Students and Faculty Receive NASA Connecticut Space Consortium Grants
Five Wesleyan University faculty and students were announced as recipients of grants from the NASA Connecticut Space Grant Consortium.
“I would say that these awards are a wonderful example of the broad range of research areas and activities that occur at Wesleyan. We are lucky to have such exciting research, active faculty, and motivated students, and Wesleyan always does very well. I am grateful that these NASA CT Space Grant funds enable wonderful activities here at Wesleyan,” said Seth Redfield, professor of astronomy.
Candice Etson, assistant professor of molecular biology and biochemistry, received a Faculty STEM Education Research Grant for her project Supporting Spatial Thinking to Improve Physics Learning. Meng-ju Renee Sher, assistant professor of physics, received a Faculty STEM Education Programming Grant for the Wesleyan Girls in Science Summer Camp.
Three students were recognized. Guy Bennevat Haninovich ’23 received a Graduate Research Fellowship for his project Mapping Macroblooms: Investigating the drivers of Sargassum invasion in the Caribbean. Alaina Einsig received a grant to travel to the MMT Observatory and Kyle McGregor ’24 received an undergraduate scholarship.
Faculty STEM Education Programming Grant
Wesleyan Girls in Science Summer Camp
Female faculty members from Wesleyan’s natural science and mathematics, in partnership with Middletown Public Schools, run a one-week “Girls in Science Summer Camp” for underserved elementary school girls from Middletown, CT, and surrounding communities. The camp is designed to reveal to 32 girls, 9-12 years old, the science that surrounds them in their daily lives, while also giving them exposure to (1) scientific concepts and vocabulary, (2) equipment and experiments, and (3) female scientist role models, including both faculty and female Wesleyan science students. Campers explore science topics ranging from neural activity, renewable energy, to biochemistry through hands-on activities and science-inspired art projects.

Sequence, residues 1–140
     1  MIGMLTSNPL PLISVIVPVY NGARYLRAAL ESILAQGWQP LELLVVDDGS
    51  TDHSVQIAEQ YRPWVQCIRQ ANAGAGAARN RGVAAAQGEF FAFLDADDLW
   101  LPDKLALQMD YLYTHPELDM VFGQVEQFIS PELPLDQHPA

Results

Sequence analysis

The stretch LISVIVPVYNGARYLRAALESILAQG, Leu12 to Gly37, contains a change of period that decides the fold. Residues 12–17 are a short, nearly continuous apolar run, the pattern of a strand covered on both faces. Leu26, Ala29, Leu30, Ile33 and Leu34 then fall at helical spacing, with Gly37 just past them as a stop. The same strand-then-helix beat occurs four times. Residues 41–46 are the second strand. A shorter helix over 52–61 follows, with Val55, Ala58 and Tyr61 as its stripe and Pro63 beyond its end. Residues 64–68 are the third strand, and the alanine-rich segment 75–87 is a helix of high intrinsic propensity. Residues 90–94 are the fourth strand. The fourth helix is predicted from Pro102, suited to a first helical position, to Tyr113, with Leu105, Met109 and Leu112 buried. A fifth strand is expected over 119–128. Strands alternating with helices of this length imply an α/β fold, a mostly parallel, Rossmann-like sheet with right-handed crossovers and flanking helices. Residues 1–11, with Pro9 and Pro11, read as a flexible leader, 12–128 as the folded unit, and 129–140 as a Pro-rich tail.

Faculty STEM Education Research Grant
Supporting Spatial Thinking to Improve Physics Learning
The goal is to help build the diverse and skilled workforce the nation needs by removing barriers to student success in introductory physics. She aims to do this by developing online tutorials that use computer simulations students can manipulate and explore on screen to help them learn about the behavior and relationships between electric and magnetic fields. Preliminary data suggests this approach can benefit all students, but especially women, with weaker spatial reasoning skills more than tutorials without simulations. As additional tutorials are piloted, they expect to learn more about the factors that impact how students learn physics.
Guy Bennevat Haninovich ‘23
Mapping Macroblooms: Investigating the drivers of Sargassum invasion in the Caribbean
Influxes of pelagic Sargassum Natans and Sargassum Fluitans, beginning in 2011, has created a new Great Atlantic Sargassum Belt (GASB) that is being influenced by a multicontinental set of drivers. The GASB has had catastrophic effects on coastal livelihoods and aquatic ecosystems. The purpose of this research is to develop a spectral library spanning multiple species and clones of algae and a procedure for spectral analysis of surficial macroalgae mats. This work will provide context for the spatial distribution of algae mats in relation to their driving forces.